Originating in Detroit in the late 1960s, Alice Cooper was originally a band consisting of Furnier on vocals and harmonica, lead guitarist Glen Buxton, Michael Bruce on rhythm guitar, Dennis Dunaway on bass guitar, and drummer Neal Smith. The original Alice Cooper band broke into the international music mainstream with the 1971 hit "I'm Eighteen" from the album Love It to Death, which was followed by the even bigger single "School's Out" in 1972. The band reached their commercial peak with the 1973 album Billion Dollar Babies.
Furnier's solo career as Alice Cooper, adopting the band's name as his own name, began with the 1975 concept album Welcome to My Nightmare; in 2011 he released Welcome 2 My Nightmare, his 19th album as a solo artist, and his 26th album in total. Expanding from his Detroit rock roots, in his career Cooper has experimented with a number of musical styles, including conceptual rock, art rock, hard rock, New Wave, pop rock, experimental rock and industrial rock.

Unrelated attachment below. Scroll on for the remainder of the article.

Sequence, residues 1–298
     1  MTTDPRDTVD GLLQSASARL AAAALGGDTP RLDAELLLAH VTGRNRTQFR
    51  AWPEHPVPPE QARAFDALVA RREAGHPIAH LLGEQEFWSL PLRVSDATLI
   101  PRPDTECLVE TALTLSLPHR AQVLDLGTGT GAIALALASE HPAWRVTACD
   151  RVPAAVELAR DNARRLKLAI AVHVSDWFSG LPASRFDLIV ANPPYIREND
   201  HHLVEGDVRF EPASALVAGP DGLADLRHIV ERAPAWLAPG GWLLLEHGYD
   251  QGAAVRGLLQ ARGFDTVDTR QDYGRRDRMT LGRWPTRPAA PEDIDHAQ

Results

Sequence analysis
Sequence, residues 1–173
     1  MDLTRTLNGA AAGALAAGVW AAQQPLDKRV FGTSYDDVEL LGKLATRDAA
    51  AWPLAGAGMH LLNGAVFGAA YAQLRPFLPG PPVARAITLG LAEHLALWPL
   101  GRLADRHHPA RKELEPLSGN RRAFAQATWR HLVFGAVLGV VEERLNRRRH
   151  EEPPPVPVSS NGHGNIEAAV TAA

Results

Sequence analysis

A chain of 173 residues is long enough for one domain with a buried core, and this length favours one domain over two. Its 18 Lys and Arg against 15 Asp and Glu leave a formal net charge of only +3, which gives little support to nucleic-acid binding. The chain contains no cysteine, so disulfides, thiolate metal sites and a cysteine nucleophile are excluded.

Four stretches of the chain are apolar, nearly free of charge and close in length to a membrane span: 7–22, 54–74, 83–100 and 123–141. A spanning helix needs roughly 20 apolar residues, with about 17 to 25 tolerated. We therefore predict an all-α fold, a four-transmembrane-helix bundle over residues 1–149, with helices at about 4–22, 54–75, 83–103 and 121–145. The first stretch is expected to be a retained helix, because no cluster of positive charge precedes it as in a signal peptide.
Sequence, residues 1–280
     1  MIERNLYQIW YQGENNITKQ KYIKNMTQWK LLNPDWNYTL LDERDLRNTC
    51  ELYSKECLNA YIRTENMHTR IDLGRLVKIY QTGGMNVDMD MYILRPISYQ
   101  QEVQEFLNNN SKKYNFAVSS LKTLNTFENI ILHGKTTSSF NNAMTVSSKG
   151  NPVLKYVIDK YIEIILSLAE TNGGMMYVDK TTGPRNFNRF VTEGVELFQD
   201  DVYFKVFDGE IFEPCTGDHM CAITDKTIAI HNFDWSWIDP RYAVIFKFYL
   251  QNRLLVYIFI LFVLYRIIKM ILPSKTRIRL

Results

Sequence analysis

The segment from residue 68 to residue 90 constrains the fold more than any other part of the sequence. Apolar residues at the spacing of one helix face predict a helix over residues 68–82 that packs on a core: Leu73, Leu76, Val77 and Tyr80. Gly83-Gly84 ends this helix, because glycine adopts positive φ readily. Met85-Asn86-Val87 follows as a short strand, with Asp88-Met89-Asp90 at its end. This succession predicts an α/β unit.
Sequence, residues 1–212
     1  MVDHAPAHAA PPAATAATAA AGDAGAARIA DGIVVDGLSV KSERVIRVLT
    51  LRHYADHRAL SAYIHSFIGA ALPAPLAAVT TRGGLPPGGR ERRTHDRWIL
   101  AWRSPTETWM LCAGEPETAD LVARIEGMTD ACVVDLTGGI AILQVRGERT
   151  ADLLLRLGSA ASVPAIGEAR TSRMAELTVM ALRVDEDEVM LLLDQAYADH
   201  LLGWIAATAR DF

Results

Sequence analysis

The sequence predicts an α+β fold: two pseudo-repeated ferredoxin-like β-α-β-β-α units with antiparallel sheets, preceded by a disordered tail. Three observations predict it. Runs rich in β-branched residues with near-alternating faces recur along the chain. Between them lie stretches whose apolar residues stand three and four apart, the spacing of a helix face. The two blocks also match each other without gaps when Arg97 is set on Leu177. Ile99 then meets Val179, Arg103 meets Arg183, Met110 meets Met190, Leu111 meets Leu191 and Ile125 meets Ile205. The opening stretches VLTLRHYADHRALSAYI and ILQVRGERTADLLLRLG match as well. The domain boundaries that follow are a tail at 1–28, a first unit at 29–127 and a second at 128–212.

Alice Cooper is known for his social and witty persona offstage; The Rolling Stone Album Guide has called him the world's most "beloved heavy metal entertainer". Cooper is credited with helping to shape the sound and look of heavy metal. Although preceded by Screamin' Jay Hawkins and his macabre stage props, he is regarded as being the artist who "first introduced horror imagery to rock'n'roll, and whose stagecraft and showmanship have permanently transformed the genre". Away from music, Cooper is a film actor, a golfing celebrity, a restaurateur and, since 2004, a popular radio DJ with his classic rock show Nights with Alice Cooper.
In 2011, the original Alice Cooper band was inducted into The Rock and Roll Hall of Fame.
Powered by Wikipedia